Eddie used custom equipment throughout his career. His original choice of guitar was a Gibson Les Paul, which he replaced the original P90 pickup on the bridge with a humbucker in order to sound like Eric Clapton. He is most associated with the Frankenstrat, a custom guitar he built from parts. The ash body and maple neck cost $130, while the body was bought for $50 as the wood had a knot in it. The tremolo arm was originally taken from a 1958 Fender Stratocaster, and was later replaced with a Floyd Rose arm. The guitar had a single Gibson PAF (patent applied for) bridge pickup from a Gibson ES-335, which he enclosed with paraffin wax to prevent feedback. The Frankenstrat was originally painted black, but was recoated with Schwinn red bicycle paint in 1979. For Van Halen’s 2012 tour, and early 2015 television appearances, he used a Wolfgang USA guitar with a black finish and ebony fretboard. For the 2015 tour, he used a white Wolfgang USA guitar designed by Chip Ellis, featuring a custom kill switch.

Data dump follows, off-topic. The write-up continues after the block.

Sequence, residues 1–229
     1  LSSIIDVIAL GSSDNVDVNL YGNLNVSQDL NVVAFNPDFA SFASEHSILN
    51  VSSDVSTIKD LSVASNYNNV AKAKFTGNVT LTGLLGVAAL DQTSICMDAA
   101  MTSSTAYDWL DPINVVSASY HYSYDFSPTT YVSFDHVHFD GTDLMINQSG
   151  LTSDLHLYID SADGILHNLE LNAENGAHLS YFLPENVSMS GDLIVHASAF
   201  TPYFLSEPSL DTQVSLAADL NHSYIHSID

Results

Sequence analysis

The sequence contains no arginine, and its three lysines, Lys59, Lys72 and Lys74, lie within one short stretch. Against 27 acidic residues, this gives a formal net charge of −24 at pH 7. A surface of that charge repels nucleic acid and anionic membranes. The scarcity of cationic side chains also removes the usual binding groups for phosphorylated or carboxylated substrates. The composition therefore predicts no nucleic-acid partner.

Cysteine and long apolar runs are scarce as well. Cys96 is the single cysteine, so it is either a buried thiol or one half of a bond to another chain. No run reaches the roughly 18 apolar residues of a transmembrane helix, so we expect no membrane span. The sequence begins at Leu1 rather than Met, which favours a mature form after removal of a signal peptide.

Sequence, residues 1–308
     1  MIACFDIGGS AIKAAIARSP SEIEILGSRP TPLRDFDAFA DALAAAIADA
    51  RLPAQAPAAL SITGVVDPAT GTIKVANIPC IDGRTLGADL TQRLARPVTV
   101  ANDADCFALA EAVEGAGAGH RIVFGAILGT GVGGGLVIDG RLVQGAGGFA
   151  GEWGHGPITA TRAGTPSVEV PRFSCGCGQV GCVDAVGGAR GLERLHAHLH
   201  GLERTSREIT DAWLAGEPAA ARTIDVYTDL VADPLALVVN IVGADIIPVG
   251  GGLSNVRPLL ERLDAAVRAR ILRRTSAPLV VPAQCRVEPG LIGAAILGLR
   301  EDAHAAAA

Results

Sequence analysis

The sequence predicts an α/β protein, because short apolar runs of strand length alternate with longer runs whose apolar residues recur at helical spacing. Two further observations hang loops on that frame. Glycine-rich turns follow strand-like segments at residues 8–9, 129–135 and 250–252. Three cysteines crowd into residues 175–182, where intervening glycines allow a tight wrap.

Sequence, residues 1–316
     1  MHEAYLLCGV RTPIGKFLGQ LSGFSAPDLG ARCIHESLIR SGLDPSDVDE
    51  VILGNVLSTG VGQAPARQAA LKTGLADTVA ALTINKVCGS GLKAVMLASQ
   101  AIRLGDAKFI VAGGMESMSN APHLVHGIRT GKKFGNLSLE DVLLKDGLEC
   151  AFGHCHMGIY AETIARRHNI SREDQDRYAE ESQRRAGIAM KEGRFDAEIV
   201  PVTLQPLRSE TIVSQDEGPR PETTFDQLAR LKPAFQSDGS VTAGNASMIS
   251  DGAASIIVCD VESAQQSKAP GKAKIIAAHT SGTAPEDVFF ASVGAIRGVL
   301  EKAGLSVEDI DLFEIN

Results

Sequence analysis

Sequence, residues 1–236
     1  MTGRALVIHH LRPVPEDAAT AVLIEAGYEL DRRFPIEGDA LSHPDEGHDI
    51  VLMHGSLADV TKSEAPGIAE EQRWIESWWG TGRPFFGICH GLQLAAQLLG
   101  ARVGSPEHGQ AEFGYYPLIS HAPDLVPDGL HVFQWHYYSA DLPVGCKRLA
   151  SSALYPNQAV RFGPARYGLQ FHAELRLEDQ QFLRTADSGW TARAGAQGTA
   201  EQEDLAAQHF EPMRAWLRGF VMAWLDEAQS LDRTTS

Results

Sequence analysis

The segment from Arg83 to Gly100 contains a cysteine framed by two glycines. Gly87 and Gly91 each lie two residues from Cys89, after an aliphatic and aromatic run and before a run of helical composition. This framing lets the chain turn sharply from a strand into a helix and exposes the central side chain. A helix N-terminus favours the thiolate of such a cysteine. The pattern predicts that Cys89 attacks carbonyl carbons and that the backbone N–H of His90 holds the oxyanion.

In 1980, Van Halen met actress Valerie Bertinelli at a Van Halen concert in Shreveport, Louisiana. They married in California a year later and had one son, Wolfgang. In 2005, Bertinelli filed for divorce in Los Angeles after four years of separation. The divorce was finalized in 2007. The following year, Eddie proposed to his girlfriend, Janie Liszewski, an actress and stuntwoman who was Van Halen’s publicist at the time. The two married in 2009, at his Studio City estate, with his son Wolfgang and ex-wife Bertinelli in attendance. Van Halen struggled with alcoholism and drug abuse. He began smoking and drinking at the age of 12, and he stated that he eventually needed alcohol to function.